• Human chorionic gonadotropin hormone is produced by the placenta, and is used to test for the presence of pregnancy. A specific smaller part of the hormone, called the beta subunit, is increased in Down syndrome pregnancies.
  • Inhibin A is a protein secreted by the ovary, and is designed to inhibit the production of the hormone FSH by the pituitary gland. The level of inhibin A is increased in the blood of mothers of fetuses with Down syndrome.
  • PAPP-A, which stands for pregnancy-associated plasma protein A, is produced by the covering of the newly fertilized egg. In the first trimester, low levels of this protein are seen in Down syndrome pregnancies.
A very important consideration in the screening test is the age of the fetus (gestational age). The correct analysis of the different components depends on knowing the gestational age precisely. The best way to determine that is by ultrasound.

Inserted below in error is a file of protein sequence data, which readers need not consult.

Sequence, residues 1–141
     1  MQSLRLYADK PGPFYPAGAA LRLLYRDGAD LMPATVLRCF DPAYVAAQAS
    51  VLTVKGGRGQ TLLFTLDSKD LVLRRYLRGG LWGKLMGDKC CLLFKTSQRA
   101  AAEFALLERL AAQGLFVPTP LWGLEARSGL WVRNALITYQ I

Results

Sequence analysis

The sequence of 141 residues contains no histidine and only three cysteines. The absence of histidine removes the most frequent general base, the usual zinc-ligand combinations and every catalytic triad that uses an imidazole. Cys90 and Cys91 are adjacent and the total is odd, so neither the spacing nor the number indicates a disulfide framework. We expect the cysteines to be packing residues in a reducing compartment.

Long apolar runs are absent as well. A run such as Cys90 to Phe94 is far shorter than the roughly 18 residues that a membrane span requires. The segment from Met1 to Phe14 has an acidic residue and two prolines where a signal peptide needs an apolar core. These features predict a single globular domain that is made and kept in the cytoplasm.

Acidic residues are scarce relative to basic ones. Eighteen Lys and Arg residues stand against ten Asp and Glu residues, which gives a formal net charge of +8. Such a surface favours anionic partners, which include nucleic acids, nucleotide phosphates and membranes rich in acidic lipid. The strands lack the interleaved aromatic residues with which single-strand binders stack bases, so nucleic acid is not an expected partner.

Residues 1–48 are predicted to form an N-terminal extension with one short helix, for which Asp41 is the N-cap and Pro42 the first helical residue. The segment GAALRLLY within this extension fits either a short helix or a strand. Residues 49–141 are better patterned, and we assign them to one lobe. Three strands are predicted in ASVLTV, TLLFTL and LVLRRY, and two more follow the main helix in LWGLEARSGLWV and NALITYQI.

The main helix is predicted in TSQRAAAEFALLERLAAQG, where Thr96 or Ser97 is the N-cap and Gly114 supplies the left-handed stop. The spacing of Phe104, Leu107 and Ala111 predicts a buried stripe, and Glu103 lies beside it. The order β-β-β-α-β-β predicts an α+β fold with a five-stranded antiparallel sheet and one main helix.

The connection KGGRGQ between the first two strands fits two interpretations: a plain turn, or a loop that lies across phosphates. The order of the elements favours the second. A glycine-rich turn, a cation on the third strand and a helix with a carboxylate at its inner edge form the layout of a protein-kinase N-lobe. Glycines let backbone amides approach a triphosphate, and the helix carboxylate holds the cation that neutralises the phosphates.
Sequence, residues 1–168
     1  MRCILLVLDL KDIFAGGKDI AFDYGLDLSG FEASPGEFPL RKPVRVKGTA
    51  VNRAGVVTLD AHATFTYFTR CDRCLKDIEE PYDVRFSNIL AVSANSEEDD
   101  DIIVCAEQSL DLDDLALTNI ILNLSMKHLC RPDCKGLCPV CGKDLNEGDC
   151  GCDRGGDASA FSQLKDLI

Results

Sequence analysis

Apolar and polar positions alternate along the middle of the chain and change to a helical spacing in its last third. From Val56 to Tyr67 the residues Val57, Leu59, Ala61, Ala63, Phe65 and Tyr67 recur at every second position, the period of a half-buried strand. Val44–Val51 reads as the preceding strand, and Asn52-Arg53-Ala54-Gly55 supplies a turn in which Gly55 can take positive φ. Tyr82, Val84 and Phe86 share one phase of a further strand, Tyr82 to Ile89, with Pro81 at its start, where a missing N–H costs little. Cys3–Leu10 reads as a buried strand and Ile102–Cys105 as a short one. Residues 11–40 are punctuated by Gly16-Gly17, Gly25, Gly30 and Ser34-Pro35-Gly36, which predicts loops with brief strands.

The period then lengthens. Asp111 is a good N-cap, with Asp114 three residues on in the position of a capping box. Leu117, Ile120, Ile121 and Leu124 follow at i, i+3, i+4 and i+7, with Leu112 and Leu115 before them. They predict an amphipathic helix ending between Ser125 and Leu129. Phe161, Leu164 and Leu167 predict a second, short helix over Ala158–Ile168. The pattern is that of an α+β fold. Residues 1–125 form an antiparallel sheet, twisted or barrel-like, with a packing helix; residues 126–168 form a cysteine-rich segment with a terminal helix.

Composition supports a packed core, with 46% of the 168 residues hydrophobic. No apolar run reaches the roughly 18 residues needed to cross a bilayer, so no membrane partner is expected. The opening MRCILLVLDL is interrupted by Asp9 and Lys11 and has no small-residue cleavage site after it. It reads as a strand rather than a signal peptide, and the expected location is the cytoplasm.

Once the blood test results are determined, a risk factor is calculated based on the "normal" blood tests for the testing laboratory. The average of normals is called the "population median." Test results are sometimes reported to doctors as "Multiples of the Median (MoM)." The "average" value is therefore called 1.0 MoM. Down syndrome pregnancies have lower levels of AFP and estriol, so their levels would be below the average, and therefore less than 1.0 MOM. Likewise, hCG in a Down syndrome pregnancy would be greater than 1.0 MoM. In the serum screening, the lab reports all results in either this way or as a total risk factor calculated by a software program.

Calculating the Risk